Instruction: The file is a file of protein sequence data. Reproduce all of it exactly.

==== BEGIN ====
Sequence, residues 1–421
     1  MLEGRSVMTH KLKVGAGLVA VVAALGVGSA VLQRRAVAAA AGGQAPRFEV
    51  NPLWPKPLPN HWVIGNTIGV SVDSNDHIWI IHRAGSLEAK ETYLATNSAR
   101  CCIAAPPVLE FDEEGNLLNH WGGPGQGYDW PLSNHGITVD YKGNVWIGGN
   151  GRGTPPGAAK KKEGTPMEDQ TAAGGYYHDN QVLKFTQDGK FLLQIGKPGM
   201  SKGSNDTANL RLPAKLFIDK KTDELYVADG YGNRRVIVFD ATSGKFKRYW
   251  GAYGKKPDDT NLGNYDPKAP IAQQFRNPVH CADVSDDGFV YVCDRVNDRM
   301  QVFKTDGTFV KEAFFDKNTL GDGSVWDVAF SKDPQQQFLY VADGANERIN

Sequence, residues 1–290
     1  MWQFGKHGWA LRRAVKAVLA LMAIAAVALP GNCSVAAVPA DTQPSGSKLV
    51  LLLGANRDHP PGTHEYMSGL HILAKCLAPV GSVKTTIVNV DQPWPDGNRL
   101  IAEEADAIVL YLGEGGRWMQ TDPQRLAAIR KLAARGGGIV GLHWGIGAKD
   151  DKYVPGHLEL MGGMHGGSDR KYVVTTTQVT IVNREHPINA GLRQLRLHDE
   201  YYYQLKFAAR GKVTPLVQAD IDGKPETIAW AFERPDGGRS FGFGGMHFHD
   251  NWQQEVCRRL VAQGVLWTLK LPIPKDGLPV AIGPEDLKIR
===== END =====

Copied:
Sequence, residues 1–421
     1  MLEGRSVMTH KLKVGAGLVA VVAALGVGSA VLQRRAVAAA AGGQAPRFEV
    51  NPLWPKPLPN HWVIGNTIGV SVDSNDHIWI IHRAGSLEAK ETYLATNSAR
   101  CCIAAPPVLE FDEEGNLLNH WGGPGQGYDW PLSNHGITVD YKGNVWIGGN
   151  GRGTPPGAAK KKEGTPMEDQ TAAGGYYHDN QVLKFTQDGK FLLQIGKPGM
   201  SKGSNDTANL RLPAKLFIDK KTDELYVADG YGNRRVIVFD ATSGKFKRYW
   251  GAYGKKPDDT NLGNYDPKAP IAQQFRNPVH CADVSDDGFV YVCDRVNDRM
   301  QVFKTDGTFV KEAFFDKNTL GDGSVWDVAF SKDPQQQFLY VADGANERIN

Sequence, residues 1–290
     1  MWQFGKHGWA LRRAVKAVLA LMAIAAVALP GNCSVAAVPA DTQPSGSKLV
    51  LLLGANRDHP PGTHEYMSGL HILAKCLAPV GSVKTTIVNV DQPWPDGNRL
   101  IAEEADAIVL YLGEGGRWMQ TDPQRLAAIR KLAARGGGIV GLHWGIGAKD
   151  DKYVPGHLEL MGGMHGGSDR KYVVTTTQVT IVNREHPINA GLRQLRLHDE
   201  YYYQLKFAAR GKVTPLVQAD IDGKPETIAW AFERPDGGRS FGFGGMHFHD
   251  NWQQEVCRRL VAQGVLWTLK LPIPKDGLPV AIGPEDLKIR